Collaborating with experts to explore advancements in privacy and data confidentiality methods

Common issues:

  • We don’t capitalise the word government on the GSS website.
  • If we refer to the Code of Practice for Statistics with its full name we give it capital letters and treat it as a proper noun.
  • If we refer to the Code of Practice as “the code” we don’t give the word “code” a capital letter.
  • The term “National Statistics” is a proper noun but the term “official statistics” is not (this is the convention across multiple government websites).

When it comes to bullet points we follow the advice on style.ons.

Bullet points in a list within text

You should use bullet points as a list within text when you have at least three bullet points. If you have fewer, rewrite your content as individual sentences or paragraphs.

Make sure that:

  • you always use a lead-in line
  • there is always a space between the lead-in line and the bullet points
  • the bullets make sense running on from the lead-in line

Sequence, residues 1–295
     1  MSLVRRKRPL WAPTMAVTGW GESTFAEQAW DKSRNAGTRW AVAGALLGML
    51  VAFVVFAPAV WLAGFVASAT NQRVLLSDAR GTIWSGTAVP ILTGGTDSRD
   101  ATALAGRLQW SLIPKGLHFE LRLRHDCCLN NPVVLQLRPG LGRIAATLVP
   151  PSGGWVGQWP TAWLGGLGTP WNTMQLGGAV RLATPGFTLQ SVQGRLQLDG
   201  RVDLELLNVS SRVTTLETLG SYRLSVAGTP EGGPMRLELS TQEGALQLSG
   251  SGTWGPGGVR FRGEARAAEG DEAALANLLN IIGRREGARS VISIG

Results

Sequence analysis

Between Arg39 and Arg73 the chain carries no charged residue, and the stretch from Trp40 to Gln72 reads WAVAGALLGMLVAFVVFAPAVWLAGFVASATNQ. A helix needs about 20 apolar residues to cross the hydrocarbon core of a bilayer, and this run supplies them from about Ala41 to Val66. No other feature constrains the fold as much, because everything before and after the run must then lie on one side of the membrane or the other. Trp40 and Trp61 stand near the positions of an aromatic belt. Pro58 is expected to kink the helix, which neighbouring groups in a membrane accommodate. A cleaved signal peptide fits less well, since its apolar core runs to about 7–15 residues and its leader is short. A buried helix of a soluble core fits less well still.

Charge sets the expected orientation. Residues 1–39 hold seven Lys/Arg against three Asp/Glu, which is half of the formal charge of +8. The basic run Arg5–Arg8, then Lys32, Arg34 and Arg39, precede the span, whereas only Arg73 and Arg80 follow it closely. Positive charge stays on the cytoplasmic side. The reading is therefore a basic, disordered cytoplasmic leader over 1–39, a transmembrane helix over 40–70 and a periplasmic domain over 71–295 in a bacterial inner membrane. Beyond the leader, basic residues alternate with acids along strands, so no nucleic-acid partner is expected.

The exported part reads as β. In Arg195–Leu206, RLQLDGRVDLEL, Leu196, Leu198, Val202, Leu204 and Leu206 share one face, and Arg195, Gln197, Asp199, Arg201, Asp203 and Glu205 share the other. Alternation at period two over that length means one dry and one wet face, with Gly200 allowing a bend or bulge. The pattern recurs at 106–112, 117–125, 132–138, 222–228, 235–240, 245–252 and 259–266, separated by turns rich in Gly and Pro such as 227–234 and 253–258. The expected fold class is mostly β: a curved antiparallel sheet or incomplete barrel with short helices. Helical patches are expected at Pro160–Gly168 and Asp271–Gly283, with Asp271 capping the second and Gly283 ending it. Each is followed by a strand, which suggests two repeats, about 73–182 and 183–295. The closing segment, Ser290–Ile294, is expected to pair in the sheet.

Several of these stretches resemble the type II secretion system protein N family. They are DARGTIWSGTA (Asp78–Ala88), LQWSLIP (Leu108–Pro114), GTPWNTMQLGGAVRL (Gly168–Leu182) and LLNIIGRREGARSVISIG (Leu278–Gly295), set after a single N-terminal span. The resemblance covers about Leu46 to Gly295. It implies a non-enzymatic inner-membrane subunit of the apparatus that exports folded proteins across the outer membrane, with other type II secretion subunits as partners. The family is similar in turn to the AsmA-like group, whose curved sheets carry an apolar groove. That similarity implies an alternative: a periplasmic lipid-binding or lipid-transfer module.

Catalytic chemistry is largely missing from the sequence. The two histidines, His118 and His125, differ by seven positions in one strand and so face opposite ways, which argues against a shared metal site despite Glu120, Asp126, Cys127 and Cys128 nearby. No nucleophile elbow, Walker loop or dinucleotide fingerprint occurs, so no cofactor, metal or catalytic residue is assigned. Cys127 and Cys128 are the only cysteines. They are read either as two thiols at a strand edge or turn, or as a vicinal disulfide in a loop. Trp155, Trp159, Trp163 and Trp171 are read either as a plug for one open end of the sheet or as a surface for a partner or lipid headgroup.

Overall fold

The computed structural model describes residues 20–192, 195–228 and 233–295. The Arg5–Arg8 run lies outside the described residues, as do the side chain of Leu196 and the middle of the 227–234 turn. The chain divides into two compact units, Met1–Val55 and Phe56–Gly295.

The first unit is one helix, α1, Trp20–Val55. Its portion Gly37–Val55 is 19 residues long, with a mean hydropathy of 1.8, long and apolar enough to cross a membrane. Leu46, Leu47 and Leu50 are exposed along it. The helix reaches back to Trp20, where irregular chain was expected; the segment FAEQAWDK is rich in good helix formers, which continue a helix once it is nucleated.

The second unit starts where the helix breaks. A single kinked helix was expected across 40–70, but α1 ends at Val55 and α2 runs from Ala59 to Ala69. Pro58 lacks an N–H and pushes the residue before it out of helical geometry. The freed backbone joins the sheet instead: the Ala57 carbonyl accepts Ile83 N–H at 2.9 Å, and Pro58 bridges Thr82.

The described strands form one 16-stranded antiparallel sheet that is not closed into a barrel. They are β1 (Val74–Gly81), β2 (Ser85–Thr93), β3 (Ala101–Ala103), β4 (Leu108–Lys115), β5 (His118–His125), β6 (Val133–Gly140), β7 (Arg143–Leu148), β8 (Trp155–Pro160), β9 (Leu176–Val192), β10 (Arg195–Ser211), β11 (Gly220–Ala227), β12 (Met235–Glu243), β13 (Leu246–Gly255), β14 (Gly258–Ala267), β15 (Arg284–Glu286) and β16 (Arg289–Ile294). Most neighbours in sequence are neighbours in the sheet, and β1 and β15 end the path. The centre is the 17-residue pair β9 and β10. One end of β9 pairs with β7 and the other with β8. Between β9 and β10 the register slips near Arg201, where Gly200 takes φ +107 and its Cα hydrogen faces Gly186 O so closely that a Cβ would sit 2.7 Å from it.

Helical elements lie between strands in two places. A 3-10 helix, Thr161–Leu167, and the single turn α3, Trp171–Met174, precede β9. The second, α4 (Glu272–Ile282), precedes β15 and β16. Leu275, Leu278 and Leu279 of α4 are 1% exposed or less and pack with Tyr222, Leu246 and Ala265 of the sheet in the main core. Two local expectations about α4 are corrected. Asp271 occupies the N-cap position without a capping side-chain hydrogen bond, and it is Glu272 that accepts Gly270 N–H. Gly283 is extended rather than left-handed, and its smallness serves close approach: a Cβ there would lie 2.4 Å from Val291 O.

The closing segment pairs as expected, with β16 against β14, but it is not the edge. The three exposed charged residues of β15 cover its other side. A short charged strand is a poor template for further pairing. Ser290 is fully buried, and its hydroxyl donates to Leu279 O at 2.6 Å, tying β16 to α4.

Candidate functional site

• each bullet is short (no more than one sentence)
  • you use lower case at the start of the bullet, unless it starts with a proper noun
  • you don’t use full stops within bullet points – where possible start another bullet point or use commas, dashes or semicolons to expand
  • you don’t put “or”, “and” after the bullets
  • there is no punctuation at the end of bullet points
  • if you add links they appear within the text and not as the whole bullet
  • there is no full stop after the last bullet point

Bullet points following a heading

Make sure that there is no lead-in line and the bullet points follow on directly from a heading or subheading. Each bullet point should start with a capital letter, end with a full stop and be no more than one sentence long.

Example of good practice:

Main points

  • There were 240,854 marriages in 2013, a decrease of 8.6% compared with 2012 and the first decline since 2009.
  • Civil ceremonies accounted for 72% of all marriages in 2013.

Emails should be given in full and should be lowercase, even if they are names.

Example of good practice:

Need help? Contact

We must not use dashes to indicate a span of time or range of monetary amounts.  Dashes used in this way can be confusing for screen readers. Use “to” instead.

Examples of bad practice:

£36,00 – £40,000

January – December

Examples of good practice:

£36,000 to £40,000

January to December

We must avoid using symbols such as “&” and “/” as they do not meet accessibility standards.

Write out “and” at all times. Do not use “&”.

The slash symbol (/) is usually used to show “or”. Use “or” instead of the slash to avoid confusion. If a slash is needed, there should be no space either side of it.